August 12, 2016:

"If trees could scream, would we be so cavalier about cutting them down? We might. If they screamed all the time for no good reason" Jack Handey, Deep Thoughts, 1992.

Humorist Jack Handey probably wasn't aware that recently we've discovered that trees do scream, in a manner of speaking, and communicate and share in other ways. This isn't some new age, drum circle, tree hugging crap, this is now hard science. Over the past three decades, research has been showing that plants (not just trees) can communicate to other plants (even species not their own) both aboveground and below ground.

Aboveground, research has found that some plants ( and probably a whole lot as current research is just scratching the surface) communicate distress, which is usually an insect or herbivore animal feeding on them. They do so by emitting an odorous complex of compounds called VOC's, or volatile organic compounds. Other plants sense these VOC's and in turn may generate more of their own chemical compounds internally that are repellent or toxic to herbivores. As omnivores, we have some passing familiarity with some of these compounds such as: nicotine, caffeine, cocaine, morphine, quinine, menthol, camphor, cannabinoids and a gob of others. The level of these compounds can fluctuate in plants dependent upon the threat level the plant senses.

In addition to internally manufacturing defensive chemicals, some plants will also emit their own VOC's that either repel herbivores (usually insects) or attract the predators of the insect attacking them. The plant version of a mace/rape whistle.

Oddly enough, the unburned fuel from car tailpipes also produce VOC's which contribute to increased ozone. While clean air laws have lowered VOC induced ozone in some places, trees have increased their VOC induced ozone. Go figure. I can't.

How plants communicate underground is a newer discovery and it relates to plants in communities, or for the purpose of this article, trees in a forest community. The roots of forest trees can extend many times beyond the crown of the tree, so they are in the close proximity to the roots of many other trees and plants. What really connects all these individual plant roots is a group of fungi called mycorrhizae. Mycorrhizae colonize the roots of plants and live symbiotically. They obtain food from their host and in turn they extend the roots exposure and ability to absorb water and nutrients.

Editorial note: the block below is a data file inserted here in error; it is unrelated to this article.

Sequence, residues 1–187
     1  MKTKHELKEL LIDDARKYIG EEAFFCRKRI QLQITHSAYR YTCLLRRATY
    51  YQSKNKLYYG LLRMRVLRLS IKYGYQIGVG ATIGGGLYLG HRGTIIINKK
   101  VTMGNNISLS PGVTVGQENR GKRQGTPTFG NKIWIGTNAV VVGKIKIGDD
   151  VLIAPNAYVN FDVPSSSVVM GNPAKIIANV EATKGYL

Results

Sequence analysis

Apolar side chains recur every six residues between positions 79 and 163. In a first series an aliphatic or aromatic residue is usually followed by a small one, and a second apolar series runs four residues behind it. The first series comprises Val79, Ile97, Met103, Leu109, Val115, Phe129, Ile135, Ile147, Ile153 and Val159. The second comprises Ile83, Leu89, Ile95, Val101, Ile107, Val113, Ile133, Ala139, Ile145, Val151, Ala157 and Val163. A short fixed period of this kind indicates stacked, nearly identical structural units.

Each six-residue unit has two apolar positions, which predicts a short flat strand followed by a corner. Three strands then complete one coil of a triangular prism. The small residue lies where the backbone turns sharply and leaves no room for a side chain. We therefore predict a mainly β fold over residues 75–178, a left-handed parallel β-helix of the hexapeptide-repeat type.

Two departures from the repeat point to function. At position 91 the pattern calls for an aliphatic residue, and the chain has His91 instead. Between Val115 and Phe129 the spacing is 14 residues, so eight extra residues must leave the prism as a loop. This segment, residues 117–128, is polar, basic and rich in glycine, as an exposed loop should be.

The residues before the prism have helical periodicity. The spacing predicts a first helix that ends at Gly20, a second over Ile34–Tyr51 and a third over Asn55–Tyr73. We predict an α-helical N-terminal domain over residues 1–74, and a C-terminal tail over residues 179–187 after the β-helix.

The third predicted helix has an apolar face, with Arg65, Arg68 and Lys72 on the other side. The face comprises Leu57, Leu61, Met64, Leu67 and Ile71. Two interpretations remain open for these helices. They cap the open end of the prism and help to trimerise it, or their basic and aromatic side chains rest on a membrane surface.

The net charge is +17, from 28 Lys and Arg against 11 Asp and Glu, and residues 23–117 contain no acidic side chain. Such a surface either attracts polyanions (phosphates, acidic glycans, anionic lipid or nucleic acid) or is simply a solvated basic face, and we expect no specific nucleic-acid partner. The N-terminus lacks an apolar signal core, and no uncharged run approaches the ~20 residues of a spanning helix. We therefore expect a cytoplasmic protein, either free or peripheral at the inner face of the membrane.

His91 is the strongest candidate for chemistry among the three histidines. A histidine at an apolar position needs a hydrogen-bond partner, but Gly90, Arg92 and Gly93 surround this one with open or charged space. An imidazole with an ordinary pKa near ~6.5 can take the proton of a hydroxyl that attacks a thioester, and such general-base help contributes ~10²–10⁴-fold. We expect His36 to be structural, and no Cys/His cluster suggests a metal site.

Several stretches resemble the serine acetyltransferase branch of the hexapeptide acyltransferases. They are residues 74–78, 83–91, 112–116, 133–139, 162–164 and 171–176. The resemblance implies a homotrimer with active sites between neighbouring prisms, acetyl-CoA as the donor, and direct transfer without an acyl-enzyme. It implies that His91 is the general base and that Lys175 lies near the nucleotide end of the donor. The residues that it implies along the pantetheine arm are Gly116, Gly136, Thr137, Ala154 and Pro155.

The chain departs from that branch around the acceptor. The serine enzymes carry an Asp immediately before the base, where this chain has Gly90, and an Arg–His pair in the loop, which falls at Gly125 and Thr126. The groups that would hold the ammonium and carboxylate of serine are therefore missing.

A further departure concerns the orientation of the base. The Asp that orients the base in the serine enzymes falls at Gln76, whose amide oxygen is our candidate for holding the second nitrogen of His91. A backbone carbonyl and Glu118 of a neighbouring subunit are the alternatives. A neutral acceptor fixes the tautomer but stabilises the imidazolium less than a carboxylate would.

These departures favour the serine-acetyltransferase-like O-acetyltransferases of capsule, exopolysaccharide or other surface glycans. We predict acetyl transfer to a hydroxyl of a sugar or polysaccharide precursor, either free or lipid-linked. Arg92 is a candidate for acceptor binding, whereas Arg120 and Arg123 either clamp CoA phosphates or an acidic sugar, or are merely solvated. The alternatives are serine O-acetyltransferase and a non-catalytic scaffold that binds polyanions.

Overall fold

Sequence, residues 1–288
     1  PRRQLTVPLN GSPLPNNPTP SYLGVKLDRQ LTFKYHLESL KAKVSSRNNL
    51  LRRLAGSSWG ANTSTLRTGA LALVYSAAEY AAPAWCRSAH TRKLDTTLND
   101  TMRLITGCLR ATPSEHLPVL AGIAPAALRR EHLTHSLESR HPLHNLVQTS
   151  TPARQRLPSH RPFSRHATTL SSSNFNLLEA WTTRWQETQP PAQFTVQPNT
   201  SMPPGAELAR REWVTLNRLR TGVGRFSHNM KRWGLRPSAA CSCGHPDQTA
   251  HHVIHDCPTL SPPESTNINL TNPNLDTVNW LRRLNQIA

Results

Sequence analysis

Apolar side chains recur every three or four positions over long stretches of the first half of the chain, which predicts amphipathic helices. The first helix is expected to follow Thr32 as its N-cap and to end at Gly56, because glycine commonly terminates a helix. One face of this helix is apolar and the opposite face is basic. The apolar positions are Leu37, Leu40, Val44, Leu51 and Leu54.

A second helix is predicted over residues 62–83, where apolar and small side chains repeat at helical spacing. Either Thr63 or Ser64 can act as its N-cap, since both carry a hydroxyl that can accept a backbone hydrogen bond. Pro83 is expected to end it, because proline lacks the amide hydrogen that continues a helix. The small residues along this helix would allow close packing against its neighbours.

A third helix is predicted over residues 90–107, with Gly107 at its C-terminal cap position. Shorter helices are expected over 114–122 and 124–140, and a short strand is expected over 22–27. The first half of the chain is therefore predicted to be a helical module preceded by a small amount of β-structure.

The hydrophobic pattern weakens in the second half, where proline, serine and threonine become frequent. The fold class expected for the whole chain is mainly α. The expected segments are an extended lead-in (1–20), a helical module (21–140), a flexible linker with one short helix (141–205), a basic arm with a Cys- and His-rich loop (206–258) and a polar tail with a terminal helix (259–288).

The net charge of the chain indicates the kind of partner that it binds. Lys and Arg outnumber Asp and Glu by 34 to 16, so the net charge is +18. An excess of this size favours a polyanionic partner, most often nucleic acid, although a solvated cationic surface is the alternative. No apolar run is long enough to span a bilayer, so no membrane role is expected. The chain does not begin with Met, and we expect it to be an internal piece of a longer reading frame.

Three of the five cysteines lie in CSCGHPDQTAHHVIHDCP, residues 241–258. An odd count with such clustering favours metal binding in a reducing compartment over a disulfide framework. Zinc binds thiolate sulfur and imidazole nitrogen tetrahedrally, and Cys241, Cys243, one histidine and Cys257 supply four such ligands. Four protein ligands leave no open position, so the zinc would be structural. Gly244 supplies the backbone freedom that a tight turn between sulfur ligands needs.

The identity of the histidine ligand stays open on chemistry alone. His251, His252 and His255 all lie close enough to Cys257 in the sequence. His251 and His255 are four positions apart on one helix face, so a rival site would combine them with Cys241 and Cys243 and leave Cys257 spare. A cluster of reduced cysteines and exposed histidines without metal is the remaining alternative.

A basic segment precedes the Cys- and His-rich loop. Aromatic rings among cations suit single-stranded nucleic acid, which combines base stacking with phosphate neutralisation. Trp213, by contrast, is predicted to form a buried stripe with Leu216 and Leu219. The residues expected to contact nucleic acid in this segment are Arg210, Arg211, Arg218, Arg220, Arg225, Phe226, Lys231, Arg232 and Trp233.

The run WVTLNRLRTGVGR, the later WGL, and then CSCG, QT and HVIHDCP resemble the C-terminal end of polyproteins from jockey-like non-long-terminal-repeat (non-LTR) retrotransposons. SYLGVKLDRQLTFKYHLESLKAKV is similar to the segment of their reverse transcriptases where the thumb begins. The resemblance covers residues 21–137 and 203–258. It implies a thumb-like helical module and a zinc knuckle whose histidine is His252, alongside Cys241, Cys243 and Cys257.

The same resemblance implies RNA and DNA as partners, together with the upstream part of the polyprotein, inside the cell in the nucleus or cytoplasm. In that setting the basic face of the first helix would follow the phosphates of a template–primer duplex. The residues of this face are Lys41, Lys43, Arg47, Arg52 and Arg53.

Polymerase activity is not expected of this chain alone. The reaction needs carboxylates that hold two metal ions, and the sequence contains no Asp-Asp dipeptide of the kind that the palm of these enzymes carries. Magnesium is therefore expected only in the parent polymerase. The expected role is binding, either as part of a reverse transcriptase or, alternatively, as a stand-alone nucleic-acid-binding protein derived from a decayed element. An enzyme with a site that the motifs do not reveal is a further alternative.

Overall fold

These fungi form a vast interconnected web with tree roots which has been dubbed "The Wood Wide Web" . Trees have been found to communicate distress situations similar to aboveground VOC's. What is really amazing is that this WWW has been found to be a pipeline by which other trees will share food resources, both with their same species and . . . with other species. So contrary to the long held Darwinistic belief that it's the survival of the fittest in jungle or forest, it's instead appearing to be more like a peace and love commune.

One forest ecologist, Suzanne Simard, has identified what are called "Mother Trees". These are larger older trees in a forest that act as the nexus points of the wood wide web. When they are cut down, it's like when a computer server goes down. Resource (in this case carbon) sharing ends and it substantially lowers the survival rate of younger trees in their proximity. It may argue for a whole different perspective on forest management.

All this talk about plants talking and screaming and sharing that makes me and others feel all warm and fuzzy might help people be aware of how truly amazing trees (and plants) are, but it may not be helpful in truly understanding. As one forest ecologist says, we need to stop anthropomorphizing plants and start phytomorphizing ourselves to understand them. . . .I gotta go look that up.

F & P